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Why Invest in a Nutraceutical Consult?

By NP Dr. Olivia Young, FPMHNP-BC

According to a major nutraceutical industry magazine, Americans are expected to spend over 75 Billion dollars on nutraceuticals during 2017.  This expected growth is being fueled by more and more American demand for natural nutrients to optimize health and longevity and in particular to help maintain cognitive functions.  See a PBS Frontline piece on how the industry’s size  challenges regulatory agencies at all levels.  There is a tremendous amount of conflicting and misinformation and myths regarding nutraceuticals

Nutraceuticals are not all good and are certainly not all bad.  Unfortunately, however, like all businesses (pharmaceutical, medical, nursing, social work, psychology, hospitals, religious institutions, universities, etc.), the nutraceutical industry is mainly driven by the bottom line.  This means buyers should be wary or trust but verify the quality and fairness of the prices of the products they take, to the best of their ability.  

But, why should you buy nutraceutical consultations from experts like Dr. Young rather than relying on the advice of friends, advertisers, and store clerks?  The answer is simple, Dr. Young can give you:

1. Informed, unbiased, expert advice

2. Guidance to the best value food and pharmaceutical grade nutrients for the money

Nutraceuticals are not all good and are certainly not all bad.  But, the U.K. Daily Mail recently noted that many branded over-the-counter formulations can cost up to 725% more than generic brands.  Yet, several major U.S.A. chains have been cited for selling their generic brands that “don’t contain the herbal ingredient on the label, or contain only a small amount of it.”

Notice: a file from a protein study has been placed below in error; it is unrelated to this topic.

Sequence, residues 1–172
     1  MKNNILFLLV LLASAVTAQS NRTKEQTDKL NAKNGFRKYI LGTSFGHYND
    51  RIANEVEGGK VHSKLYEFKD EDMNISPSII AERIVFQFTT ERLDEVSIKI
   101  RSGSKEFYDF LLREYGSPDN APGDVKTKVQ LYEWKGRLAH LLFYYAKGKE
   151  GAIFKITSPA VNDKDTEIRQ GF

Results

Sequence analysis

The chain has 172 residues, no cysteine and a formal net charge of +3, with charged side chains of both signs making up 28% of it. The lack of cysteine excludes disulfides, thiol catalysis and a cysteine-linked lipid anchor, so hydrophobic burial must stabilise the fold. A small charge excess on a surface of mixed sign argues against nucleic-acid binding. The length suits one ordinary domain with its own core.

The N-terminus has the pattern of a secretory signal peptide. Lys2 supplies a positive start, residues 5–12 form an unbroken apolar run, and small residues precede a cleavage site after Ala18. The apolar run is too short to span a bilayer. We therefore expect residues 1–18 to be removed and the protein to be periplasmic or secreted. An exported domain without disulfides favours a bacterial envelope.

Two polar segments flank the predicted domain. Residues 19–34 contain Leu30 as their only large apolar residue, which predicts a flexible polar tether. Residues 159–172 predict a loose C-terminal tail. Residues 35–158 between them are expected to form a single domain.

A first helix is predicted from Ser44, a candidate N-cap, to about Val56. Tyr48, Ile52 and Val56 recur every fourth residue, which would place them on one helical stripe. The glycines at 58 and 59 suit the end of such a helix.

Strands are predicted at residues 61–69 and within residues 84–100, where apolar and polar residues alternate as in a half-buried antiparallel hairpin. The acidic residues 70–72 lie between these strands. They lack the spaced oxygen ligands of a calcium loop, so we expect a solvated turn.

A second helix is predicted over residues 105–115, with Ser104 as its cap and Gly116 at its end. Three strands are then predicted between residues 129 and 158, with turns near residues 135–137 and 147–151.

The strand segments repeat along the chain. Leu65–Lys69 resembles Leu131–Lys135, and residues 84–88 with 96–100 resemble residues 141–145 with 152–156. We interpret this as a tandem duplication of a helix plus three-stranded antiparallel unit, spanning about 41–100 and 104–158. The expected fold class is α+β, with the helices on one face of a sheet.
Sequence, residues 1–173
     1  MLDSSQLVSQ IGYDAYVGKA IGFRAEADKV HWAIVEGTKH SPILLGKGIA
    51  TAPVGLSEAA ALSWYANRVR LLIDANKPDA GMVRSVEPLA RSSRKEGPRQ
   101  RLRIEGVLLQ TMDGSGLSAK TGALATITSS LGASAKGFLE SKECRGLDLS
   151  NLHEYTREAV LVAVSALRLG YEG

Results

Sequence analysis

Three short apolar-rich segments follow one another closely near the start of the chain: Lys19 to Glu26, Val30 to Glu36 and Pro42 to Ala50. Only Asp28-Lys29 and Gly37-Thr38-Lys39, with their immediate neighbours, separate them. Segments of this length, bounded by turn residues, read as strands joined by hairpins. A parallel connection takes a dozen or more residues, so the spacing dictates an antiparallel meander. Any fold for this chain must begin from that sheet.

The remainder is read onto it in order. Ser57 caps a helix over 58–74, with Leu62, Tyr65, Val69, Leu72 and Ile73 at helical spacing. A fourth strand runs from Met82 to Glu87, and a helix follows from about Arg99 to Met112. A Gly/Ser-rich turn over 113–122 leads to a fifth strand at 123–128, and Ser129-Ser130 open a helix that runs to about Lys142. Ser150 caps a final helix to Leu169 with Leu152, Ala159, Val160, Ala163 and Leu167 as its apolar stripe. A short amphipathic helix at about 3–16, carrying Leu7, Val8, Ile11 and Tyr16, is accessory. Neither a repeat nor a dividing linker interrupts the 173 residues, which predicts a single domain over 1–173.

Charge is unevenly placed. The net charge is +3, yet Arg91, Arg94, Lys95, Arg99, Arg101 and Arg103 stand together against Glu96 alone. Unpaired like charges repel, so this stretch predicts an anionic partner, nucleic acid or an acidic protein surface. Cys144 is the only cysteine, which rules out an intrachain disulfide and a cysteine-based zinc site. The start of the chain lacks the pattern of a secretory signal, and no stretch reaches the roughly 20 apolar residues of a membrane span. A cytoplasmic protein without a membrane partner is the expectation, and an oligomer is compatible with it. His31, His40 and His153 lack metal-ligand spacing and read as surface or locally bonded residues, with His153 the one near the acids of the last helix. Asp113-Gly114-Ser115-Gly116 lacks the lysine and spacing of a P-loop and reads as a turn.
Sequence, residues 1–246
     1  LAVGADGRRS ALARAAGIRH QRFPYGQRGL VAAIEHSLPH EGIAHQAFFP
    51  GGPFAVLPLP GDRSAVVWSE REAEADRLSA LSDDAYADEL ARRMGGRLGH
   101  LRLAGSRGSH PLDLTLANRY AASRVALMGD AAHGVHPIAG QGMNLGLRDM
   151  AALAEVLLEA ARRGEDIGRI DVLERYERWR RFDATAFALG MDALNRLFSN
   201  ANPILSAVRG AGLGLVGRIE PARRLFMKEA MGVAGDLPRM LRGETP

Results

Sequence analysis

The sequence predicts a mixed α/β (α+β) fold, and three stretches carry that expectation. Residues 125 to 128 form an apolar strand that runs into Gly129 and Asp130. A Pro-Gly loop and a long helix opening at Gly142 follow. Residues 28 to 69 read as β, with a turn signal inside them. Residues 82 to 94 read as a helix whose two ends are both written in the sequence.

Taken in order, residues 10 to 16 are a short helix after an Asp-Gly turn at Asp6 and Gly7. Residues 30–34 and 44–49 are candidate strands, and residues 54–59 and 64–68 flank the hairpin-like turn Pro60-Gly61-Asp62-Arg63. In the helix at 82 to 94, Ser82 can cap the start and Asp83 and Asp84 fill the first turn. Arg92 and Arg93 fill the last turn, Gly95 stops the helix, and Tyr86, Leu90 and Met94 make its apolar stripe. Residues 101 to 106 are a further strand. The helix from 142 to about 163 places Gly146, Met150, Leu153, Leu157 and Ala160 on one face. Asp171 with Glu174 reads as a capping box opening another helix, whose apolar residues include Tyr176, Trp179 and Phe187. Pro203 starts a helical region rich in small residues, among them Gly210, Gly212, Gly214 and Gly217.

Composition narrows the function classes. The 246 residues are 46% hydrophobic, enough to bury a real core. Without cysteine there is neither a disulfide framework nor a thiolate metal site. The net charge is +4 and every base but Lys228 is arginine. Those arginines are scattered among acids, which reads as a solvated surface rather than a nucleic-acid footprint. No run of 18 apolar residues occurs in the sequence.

Then again, Consumer Reports (CR) notes,

Shopping for a multivitamin has crossed the line from being confusing to becoming mind-bending. On a recent visit to a CVS store in the New York City area, our reporter counted no fewer than 50 adult multivitamin/multimineral supplements (multivitamins, for short). One A Day is available in 15 formulations for everyone from teenage boys to women watching their "metabolism”; its competitor Centrum comes in nine versions.

If you think you can avoid the confusion by heading straight for the "silver" products marketed to seniors, think again: About a third of the CVS offerings targeted people in the 50-plus range, with formulations for men, women, and menopausal women, as well as the standard unisex formulas. And here's a news flash: You may not even need them.

With all the choices, it's no wonder half of multivitamin users in a new, nationally representative Consumer Reports telephone survey expressed some doubt that they were taking the right product for their needs. Our survey, which included 2,002 adults and took place in April 2010, uncovered some other concerns, too: Fifty-six percent of respondents who took a multivitamin worried that it contained harmful ingredients, for example, and 47 percent expressed concern that their multivitamin didn't contain the levels of nutrients listed on the bottle.

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